Kazakhstan is considering new options for its oil exports, including partnering with Iran, as its concerns about Western sanctions against its northern neighbor Russia grow.
Uzaqbai Qarabalin, the minister of oil and gas, told Kazakh lawmakers Monday that Western sanctions against Russia may lead to a decrease in the oil volume transported to foreign markets through Russian pipelines, according to a Radio Free Europe translation of reports from KazTAG, a news agency based in Kazakhstan, and Interfax, a non-governmental news agency based in Moscow.
The government of the former Soviet republic maintains good relations with the Kremlin and supports Russia’s annexation of Crimea despite Western opposition.
Qarabalin said state-owned KazMunaiGas will have to focus on the Azerbaijan-Georgia-Turkey route west of the Caspian Sea from Kazakhstan. He also said Iran may be considered as a potential partner.
The Kazakh government is looking to increase its oil exports to neighboring China, Uzbekistan and Turkmenistan soon, Qarabalin said. He added that Western sanctions may shift Russian oil exports toward Kazakhstan, affecting the domestic gasoline market and local refinery operations, Radio Free Europe reported.
Kazakhstan has the largest oil reserves and production among the former Soviet republics after Russia, according to the U.S. Energy Information Administration. The two largest projects at Tengiz and Karachaganak accounted for 40 percent of the country’s liquid crude production in 2013, according to EIA data. Several American oil and gas companies drill in Kazakhstan. Chevron Corporation (NYSE: CVX) has a 50 percent stake in Tengiz, ExxonMobil Corporation (NYSE: XOM) has a 25 percent stake in Tengiz, and ConocoPhillips (NYSE: COP) has an 8.4 percent stake in Kashagan, a smaller oil field.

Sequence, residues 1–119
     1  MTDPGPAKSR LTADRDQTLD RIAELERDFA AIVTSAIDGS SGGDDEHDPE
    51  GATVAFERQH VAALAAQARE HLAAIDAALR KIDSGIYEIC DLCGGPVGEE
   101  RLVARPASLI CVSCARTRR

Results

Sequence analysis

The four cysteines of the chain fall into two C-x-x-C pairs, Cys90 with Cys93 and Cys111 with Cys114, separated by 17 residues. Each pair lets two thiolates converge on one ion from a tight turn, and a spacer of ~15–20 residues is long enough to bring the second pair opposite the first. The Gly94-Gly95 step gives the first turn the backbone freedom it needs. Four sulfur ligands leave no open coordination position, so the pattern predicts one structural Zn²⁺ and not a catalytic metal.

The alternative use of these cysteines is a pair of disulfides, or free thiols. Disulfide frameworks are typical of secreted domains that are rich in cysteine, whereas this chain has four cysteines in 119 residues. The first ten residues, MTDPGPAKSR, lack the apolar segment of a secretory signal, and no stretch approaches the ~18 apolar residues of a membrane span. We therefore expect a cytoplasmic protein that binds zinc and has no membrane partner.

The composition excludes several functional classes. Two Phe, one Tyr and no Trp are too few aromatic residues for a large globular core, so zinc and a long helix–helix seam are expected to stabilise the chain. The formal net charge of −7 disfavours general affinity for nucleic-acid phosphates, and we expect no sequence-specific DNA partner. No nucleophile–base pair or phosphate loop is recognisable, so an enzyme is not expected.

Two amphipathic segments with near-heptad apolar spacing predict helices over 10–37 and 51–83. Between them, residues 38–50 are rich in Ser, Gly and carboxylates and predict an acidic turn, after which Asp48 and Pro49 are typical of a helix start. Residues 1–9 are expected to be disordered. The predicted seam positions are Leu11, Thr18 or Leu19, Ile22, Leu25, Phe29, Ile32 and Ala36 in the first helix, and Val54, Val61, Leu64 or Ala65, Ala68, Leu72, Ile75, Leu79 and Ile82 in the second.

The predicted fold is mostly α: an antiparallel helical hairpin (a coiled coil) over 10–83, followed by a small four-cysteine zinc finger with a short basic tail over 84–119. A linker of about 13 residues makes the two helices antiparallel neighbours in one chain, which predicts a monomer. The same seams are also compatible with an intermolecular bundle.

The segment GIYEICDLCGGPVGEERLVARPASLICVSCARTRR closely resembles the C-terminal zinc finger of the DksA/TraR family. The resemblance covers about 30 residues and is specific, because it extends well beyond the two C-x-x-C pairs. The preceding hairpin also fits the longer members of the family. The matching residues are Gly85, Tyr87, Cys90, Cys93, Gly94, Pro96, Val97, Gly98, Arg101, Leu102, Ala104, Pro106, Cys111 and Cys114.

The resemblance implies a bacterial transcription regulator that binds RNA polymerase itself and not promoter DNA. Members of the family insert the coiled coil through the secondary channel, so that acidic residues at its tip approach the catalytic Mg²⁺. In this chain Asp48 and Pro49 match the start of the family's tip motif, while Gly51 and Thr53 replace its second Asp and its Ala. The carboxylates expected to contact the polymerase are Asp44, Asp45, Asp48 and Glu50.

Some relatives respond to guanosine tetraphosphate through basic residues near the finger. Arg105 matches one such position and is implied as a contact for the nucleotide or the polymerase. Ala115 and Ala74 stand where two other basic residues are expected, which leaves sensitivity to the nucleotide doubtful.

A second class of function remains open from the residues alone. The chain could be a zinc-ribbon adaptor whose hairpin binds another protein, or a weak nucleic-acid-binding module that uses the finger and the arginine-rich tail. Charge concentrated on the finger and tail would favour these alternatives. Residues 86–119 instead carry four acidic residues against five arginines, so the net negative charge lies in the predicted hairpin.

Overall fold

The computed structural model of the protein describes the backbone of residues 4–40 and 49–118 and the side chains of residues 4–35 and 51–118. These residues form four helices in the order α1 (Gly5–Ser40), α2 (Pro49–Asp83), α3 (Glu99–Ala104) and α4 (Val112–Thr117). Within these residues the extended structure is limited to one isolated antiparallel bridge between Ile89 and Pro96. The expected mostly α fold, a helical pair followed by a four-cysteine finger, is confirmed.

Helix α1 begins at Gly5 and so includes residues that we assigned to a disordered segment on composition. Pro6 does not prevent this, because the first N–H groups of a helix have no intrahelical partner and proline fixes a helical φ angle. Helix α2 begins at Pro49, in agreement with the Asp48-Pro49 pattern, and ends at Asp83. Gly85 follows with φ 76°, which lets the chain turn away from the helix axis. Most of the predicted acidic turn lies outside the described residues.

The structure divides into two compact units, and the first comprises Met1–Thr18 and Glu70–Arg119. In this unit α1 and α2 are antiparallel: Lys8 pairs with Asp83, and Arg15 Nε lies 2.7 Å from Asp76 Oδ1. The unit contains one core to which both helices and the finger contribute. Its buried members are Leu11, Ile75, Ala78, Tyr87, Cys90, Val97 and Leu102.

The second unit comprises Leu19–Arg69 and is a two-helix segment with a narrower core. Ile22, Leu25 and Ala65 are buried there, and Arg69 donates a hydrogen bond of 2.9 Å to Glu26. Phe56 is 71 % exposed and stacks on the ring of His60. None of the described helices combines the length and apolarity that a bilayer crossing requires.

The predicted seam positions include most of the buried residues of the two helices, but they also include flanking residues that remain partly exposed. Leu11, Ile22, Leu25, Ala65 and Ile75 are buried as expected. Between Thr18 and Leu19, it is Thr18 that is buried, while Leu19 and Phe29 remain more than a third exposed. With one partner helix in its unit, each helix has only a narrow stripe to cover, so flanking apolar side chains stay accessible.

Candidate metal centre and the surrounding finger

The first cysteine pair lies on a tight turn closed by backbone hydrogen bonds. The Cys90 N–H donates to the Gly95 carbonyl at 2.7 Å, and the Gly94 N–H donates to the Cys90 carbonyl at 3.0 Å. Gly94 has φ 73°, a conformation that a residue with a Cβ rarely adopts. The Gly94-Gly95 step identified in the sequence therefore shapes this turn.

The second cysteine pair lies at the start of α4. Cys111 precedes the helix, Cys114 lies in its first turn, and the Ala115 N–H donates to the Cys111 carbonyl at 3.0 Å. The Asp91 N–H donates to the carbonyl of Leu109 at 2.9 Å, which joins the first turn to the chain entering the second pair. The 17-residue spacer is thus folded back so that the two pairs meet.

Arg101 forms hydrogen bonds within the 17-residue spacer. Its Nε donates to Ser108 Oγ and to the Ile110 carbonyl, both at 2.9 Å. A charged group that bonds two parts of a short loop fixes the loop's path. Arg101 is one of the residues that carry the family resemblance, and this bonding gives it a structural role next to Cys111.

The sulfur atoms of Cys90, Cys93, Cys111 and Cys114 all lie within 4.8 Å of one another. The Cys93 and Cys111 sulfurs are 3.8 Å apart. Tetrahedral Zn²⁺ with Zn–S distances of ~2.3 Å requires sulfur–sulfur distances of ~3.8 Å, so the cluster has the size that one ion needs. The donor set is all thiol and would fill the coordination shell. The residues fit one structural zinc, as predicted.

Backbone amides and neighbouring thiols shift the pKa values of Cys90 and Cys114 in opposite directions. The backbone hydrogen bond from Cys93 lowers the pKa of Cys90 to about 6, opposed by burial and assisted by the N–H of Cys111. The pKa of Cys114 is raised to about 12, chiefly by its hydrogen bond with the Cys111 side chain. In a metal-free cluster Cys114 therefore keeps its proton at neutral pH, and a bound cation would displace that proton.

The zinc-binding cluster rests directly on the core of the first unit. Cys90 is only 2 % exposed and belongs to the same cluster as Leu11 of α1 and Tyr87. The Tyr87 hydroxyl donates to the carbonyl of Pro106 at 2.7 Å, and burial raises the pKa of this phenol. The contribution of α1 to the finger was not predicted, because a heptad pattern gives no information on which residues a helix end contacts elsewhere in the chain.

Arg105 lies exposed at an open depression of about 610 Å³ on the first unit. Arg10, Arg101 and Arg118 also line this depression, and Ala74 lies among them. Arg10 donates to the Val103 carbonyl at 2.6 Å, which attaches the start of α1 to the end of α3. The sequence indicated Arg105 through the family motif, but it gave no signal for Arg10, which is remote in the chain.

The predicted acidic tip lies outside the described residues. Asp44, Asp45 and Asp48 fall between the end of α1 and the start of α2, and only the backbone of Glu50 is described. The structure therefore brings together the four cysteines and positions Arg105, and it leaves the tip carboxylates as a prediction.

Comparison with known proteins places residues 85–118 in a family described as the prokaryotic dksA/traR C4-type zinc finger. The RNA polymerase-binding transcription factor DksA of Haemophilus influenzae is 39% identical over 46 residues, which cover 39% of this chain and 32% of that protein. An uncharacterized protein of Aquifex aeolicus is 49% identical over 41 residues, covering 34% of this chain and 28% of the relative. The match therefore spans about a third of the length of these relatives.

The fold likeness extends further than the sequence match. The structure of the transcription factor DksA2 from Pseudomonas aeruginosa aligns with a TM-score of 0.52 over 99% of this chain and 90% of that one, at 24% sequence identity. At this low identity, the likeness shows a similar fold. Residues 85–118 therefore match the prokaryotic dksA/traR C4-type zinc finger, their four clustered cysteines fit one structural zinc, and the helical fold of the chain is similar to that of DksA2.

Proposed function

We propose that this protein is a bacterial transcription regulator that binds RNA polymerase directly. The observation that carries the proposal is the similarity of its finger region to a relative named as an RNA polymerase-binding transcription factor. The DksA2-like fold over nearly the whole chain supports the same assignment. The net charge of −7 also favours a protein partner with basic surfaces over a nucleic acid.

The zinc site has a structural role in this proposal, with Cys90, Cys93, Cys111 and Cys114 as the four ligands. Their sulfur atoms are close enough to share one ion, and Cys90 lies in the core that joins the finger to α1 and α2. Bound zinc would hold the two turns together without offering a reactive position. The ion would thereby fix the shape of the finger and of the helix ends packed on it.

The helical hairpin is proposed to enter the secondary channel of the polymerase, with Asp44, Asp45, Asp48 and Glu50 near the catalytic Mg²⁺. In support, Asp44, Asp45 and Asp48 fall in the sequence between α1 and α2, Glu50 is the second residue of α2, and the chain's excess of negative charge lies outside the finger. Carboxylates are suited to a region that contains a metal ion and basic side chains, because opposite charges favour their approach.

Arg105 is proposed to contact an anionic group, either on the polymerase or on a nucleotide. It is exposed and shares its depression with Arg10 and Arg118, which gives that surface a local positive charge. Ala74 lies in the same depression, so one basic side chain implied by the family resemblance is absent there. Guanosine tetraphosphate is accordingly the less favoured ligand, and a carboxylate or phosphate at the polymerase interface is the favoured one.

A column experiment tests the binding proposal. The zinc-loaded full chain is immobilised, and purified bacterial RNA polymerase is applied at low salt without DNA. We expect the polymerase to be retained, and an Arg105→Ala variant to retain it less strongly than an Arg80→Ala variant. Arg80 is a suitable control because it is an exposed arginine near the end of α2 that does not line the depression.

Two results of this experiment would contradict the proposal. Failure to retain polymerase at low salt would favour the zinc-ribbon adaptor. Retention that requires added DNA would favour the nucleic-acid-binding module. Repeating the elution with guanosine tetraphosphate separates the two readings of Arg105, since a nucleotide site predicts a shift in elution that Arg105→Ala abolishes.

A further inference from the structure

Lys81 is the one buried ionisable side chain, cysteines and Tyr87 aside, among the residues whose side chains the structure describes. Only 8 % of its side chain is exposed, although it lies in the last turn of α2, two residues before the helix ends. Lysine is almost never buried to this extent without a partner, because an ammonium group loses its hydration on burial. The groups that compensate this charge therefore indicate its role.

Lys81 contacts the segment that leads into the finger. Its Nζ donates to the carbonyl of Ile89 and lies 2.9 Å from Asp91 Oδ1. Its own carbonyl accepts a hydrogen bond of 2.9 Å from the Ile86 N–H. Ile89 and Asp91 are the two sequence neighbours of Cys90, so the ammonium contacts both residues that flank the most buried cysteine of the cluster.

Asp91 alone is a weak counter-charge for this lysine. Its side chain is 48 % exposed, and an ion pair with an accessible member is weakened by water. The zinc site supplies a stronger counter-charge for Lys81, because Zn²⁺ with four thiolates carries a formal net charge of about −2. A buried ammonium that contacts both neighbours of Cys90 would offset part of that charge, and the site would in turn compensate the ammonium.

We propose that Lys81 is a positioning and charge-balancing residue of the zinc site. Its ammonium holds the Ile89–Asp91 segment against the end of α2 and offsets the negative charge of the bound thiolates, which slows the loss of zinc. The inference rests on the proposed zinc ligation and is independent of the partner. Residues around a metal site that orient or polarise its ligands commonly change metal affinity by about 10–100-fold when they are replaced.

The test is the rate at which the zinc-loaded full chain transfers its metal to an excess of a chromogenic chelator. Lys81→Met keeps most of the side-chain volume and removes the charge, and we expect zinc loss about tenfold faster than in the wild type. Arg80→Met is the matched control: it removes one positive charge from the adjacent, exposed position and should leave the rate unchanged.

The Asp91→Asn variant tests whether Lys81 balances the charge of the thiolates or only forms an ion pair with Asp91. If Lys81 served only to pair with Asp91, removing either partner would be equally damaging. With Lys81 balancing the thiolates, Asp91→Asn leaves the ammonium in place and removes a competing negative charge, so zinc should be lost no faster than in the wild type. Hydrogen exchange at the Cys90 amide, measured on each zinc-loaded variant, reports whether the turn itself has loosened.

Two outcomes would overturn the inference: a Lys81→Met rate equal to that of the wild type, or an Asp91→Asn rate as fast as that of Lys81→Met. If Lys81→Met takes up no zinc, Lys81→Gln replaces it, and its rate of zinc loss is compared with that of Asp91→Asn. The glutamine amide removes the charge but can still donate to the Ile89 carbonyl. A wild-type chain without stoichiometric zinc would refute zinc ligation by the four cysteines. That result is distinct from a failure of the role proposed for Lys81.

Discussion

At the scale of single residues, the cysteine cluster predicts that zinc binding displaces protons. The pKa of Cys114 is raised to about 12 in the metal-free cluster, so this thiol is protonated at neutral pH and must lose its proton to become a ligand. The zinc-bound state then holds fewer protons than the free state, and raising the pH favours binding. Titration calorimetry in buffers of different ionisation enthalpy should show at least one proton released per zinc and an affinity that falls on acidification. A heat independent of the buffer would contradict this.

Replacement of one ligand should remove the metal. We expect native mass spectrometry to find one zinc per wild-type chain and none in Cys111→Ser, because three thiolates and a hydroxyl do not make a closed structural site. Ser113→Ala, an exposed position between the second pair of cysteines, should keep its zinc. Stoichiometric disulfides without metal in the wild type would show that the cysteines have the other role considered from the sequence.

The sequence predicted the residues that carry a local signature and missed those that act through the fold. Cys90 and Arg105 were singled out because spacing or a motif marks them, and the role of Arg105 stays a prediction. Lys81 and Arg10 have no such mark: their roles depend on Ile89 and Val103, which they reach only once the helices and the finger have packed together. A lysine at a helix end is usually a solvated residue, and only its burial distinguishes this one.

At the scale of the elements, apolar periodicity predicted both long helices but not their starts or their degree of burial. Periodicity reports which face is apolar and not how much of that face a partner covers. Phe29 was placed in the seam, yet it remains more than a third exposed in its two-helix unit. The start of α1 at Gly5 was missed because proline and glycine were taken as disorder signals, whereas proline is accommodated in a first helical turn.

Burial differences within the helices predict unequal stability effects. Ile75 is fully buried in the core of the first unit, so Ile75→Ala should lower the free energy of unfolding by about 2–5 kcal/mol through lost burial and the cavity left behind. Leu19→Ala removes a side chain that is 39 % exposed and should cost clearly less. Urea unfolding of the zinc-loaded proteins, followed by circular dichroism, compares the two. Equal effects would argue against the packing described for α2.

President Nursultan Nazarbayev, who has ruled ever since the breakup of the Soviet Union in 1991, pledged last fall to make Kazakhstan the hub connecting Asia with Europe and driving regional and global prosperity.
Kazakhstan has been "very wise with building a good relationship with the West," said Sergio Millian, president of the American-Russian Chamber of Commerce. "It's highly doubtful there will be any deterioration of the relationship between the U.S. and Kazakhstan."
Kazakh support for Russia's takeover of Crimea was probably due to nothing more than "a friendly request" from the Kremlin, Millian added. Kazahstan, Belarus and Russia have a trade alliance dating back to 1996 that lets citizens of the three countries cross borders without visas.
Kazakhstan has grown steadily in the past decade, with 6 percent GDP growth in 2013, and is one of the global oil industry's major growth stories. Production rose from about one million barrels a day in 2002 to 1.7 million barrels a year ago, though a failing $50 billion offshore ice project led by Eni of Italy has slowed production sharply since 2009.
In recent weeks, inflation has burdened Kazakh spending. Prices continued rising in March after the national bank devalued the currency, the tenge, by 16 percent against the dollar in mid-February compared to January, according to Capital Economics.
Looking forward, Kazakhstan’s development objective of joining the rank of the top 30 most developed countries by 2050 will depend on its ability to move away from natural resource dependence toward more balanced growth, according to a World Bank assessment.